What is Proof-of-Work?
Proof-of-work, currently, is the protocol that guarantees the security of most cryptocurrencies, including Bitcoin, Ethereum, Litecoin, and Monero. First proposed by Satoshi Nakamoto in 2009, PoW was the first mechanism ever conceived that adequately solved the so-called "double-spending problem," making possible electronic money and other digital assets as a concept.
For digital money to work as a concept, there needs to be a way to ensure that, following a payment, the person who paid no longer remains in ownership of the money used. Double-spending is the risk that a coin or token could be transferred twice. When you transfer, say, a music file to your friend, it's no big deal if a copy of that file remains on your computer, as the multiplicity of the data does not change its value. However, in a situation where Ann transfers $1 to Bob, after the transaction Ann should have one less dollar, while Bob should have one more.
The innovation proposed by Nakamoto (and implemented into Bitcoin and other PoW blockchains) was to require members of the decentralized payment network, called miners, to verify that transactions are not 'doubly-spent,' by adding eponymous 'blocks' to an irreversible list, or 'chain'. In order to have the right to do this — and to receive mining rewards as a result — these miners must provide 'proof' in the form of work. This means that they must use quite a significant amount of computing power to solve an extremely complex mathematical solution.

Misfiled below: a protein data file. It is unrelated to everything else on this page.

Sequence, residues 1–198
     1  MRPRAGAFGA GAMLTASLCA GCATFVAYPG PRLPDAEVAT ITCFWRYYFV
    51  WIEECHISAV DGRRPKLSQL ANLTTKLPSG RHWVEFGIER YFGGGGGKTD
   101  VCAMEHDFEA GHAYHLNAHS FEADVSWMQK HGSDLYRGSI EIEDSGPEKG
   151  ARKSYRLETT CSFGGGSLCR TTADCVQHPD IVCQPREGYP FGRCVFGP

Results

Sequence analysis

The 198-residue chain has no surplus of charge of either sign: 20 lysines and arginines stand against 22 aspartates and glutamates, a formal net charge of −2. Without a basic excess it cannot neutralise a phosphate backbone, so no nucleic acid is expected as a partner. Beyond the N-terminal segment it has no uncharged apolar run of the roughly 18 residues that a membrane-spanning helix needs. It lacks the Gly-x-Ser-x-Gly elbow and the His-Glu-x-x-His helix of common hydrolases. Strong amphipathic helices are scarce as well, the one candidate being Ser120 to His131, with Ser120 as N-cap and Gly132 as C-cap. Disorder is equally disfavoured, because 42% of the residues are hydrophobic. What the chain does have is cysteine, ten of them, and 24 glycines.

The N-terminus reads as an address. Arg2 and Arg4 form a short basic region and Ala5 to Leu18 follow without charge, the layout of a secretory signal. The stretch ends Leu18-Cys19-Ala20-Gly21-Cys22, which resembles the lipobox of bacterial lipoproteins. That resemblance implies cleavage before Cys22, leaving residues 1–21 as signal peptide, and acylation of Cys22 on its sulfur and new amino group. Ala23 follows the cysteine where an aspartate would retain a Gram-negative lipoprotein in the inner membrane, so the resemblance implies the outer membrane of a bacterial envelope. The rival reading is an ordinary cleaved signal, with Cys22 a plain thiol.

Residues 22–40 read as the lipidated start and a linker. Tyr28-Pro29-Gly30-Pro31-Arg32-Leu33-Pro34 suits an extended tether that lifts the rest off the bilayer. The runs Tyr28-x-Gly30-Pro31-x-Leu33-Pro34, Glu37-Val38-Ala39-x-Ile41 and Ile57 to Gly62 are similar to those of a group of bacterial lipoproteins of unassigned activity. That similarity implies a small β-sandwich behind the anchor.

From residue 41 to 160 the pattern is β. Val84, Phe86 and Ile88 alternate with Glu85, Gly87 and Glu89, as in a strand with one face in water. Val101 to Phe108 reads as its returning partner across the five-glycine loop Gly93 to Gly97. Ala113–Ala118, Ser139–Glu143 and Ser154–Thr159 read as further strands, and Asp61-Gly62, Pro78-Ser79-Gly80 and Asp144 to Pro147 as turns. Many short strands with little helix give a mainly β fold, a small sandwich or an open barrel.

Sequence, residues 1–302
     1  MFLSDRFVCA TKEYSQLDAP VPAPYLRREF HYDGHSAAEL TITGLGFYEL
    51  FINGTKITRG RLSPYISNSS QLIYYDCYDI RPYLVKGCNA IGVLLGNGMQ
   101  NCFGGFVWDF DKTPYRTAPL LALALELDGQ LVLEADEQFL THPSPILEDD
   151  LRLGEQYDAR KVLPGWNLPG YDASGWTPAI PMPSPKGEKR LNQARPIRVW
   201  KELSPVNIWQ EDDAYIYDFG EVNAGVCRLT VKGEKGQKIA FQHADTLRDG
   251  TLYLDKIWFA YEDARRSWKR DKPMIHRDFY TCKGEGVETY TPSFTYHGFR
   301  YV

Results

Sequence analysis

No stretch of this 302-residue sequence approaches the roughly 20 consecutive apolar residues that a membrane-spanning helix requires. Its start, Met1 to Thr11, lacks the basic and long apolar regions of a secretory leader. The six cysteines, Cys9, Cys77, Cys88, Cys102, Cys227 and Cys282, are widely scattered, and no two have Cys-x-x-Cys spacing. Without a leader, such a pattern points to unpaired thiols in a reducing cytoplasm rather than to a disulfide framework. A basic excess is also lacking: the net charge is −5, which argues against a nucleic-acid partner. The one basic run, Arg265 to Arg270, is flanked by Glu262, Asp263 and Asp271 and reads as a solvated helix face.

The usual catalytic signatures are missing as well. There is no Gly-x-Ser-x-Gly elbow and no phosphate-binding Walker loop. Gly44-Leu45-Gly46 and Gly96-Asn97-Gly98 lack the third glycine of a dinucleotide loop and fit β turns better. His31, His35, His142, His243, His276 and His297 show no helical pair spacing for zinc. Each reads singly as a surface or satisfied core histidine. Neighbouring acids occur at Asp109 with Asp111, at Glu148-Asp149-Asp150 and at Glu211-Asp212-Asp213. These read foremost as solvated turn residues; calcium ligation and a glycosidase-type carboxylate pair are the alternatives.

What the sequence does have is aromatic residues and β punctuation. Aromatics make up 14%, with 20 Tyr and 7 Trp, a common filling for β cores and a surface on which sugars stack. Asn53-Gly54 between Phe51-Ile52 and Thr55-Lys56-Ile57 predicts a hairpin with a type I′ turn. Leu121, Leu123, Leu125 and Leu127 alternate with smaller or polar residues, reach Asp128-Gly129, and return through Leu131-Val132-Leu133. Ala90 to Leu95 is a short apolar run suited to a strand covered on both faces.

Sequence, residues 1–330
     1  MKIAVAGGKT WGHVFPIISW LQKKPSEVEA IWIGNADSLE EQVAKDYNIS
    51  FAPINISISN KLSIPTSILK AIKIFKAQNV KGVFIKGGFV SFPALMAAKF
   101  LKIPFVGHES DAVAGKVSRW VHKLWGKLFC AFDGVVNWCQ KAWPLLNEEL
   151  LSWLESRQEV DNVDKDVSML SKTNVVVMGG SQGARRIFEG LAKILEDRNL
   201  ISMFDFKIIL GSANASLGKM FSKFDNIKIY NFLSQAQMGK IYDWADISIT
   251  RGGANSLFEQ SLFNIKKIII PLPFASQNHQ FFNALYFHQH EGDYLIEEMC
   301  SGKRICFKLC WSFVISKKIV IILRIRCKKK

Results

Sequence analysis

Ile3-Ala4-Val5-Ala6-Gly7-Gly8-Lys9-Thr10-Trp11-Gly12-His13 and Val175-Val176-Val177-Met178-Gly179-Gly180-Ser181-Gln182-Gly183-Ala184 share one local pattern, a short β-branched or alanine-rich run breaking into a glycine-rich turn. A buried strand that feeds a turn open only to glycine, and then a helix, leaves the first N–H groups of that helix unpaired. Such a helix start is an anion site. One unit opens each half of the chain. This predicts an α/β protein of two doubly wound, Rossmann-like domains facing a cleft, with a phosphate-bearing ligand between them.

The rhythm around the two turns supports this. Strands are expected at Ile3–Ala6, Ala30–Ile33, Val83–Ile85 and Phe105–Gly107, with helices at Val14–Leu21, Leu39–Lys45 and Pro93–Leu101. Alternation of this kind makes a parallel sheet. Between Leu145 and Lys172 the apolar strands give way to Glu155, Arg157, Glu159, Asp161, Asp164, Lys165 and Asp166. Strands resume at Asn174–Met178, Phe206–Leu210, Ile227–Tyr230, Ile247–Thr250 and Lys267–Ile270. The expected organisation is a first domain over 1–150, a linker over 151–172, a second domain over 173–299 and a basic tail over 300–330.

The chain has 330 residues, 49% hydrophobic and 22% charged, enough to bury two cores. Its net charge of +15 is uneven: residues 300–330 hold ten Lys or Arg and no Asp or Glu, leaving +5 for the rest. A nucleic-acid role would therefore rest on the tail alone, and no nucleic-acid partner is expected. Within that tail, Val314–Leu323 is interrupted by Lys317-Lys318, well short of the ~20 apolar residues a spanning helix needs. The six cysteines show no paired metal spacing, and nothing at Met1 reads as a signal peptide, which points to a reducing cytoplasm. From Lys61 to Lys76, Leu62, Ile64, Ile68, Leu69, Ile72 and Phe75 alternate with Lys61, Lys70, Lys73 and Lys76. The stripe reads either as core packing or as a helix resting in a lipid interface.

It is argued by proponents of PoW blockchains that the protocol is a superior way of preventing attacks on the network. The incredible amount of capital required for PoW mining, they say, increases the honesty of miners. Geographic distribution of miners, furthermore, should in theory prevent the creation of cohorts of malicious network participants.
Critics point out some other issues: For one, large PoW blockchains like Bitcoin consume an enormous amount of energy, leading to environmental concerns. In fact, the energy use of the Bitcoin network surpasses that of a number of fairly major economies, like Norway
. Second, there may be the risk of gradual market centralization for PoW networks through the dominance of large miners with access to a very large amount of computing power. Finally, there also exists the worry of geographic concentration of miners in less-than-democratic countries, like China, Russia, and Kazakhstan, where mining firms have decided to set up data centers owing to lower electricity costs and easier cooling.
Developers of Proof-of-Stake blockchains claim to offer an effective alternative that considers both the energy-use and mining centralization problems.